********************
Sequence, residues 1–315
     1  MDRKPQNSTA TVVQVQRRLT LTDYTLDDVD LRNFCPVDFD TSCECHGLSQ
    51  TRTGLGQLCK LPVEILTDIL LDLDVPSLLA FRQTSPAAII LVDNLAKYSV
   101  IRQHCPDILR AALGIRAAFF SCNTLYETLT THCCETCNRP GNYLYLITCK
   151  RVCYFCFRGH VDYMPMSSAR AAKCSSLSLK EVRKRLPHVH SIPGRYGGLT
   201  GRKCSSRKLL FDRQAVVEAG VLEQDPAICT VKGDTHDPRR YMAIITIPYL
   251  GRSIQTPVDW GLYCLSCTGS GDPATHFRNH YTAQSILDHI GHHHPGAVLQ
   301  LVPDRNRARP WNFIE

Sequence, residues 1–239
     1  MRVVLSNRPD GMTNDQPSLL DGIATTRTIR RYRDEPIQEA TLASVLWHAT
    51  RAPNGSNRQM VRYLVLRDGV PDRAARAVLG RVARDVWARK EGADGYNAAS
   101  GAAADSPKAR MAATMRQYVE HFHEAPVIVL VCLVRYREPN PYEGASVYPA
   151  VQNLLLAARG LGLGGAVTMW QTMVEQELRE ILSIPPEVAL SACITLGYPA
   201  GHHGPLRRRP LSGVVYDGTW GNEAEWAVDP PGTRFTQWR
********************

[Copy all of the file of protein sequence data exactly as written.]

Sequence, residues 1–315
     1  MDRKPQNSTA TVVQVQRRLT LTDYTLDDVD LRNFCPVDFD TSCECHGLSQ
    51  TRTGLGQLCK LPVEILTDIL LDLDVPSLLA FRQTSPAAII LVDNLAKYSV
   101  IRQHCPDILR AALGIRAAFF SCNTLYETLT THCCETCNRP GNYLYLITCK
   151  RVCYFCFRGH VDYMPMSSAR AAKCSSLSLK EVRKRLPHVH SIPGRYGGLT
   201  GRKCSSRKLL FDRQAVVEAG VLEQDPAICT VKGDTHDPRR YMAIITIPYL
   251  GRSIQTPVDW GLYCLSCTGS GDPATHFRNH YTAQSILDHI GHHHPGAVLQ
   301  LVPDRNRARP WNFIE

Sequence, residues 1–239
     1  MRVVLSNRPD GMTNDQPSLL DGIATTRTIR RYRDEPIQEA TLASVLWHAT
    51  RAPNGSNRQM VRYLVLRDGV PDRAARAVLG RVARDVWARK EGADGYNAAS
   101  GAAADSPKAR MAATMRQYVE HFHEAPVIVL VCLVRYREPN PYEGASVYPA
   151  VQNLLLAARG LGLGGAVTMW QTMVEQELRE ILSIPPEVAL SACITLGYPA
   201  GHHGPLRRRP LSGVVYDGTW GNEAEWAVDP PGTRFTQWR